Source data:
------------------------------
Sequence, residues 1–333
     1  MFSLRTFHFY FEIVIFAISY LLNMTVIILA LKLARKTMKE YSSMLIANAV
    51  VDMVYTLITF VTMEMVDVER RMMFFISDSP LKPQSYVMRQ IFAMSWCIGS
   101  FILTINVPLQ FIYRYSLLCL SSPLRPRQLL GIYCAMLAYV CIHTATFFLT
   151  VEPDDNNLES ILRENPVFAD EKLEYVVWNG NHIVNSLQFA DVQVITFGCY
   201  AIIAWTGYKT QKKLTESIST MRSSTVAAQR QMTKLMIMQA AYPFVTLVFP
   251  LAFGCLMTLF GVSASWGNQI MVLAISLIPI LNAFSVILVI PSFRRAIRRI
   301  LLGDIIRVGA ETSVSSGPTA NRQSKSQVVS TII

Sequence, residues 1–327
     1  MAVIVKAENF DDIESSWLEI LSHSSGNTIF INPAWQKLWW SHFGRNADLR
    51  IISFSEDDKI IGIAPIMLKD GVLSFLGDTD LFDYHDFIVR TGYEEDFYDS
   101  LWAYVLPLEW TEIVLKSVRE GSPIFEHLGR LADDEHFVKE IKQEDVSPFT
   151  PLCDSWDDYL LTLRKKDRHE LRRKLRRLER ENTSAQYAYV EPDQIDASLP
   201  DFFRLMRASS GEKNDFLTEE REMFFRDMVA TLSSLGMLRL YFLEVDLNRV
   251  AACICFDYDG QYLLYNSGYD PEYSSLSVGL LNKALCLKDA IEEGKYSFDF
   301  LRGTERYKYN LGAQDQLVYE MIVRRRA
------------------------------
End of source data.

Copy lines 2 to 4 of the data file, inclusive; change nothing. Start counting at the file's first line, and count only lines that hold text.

     1  MFSLRTFHFY FEIVIFAISY LLNMTVIILA LKLARKTMKE YSSMLIANAV
    51  VDMVYTLITF VTMEMVDVER RMMFFISDSP LKPQSYVMRQ IFAMSWCIGS
   101  FILTINVPLQ FIYRYSLLCL SSPLRPRQLL GIYCAMLAYV CIHTATFFLT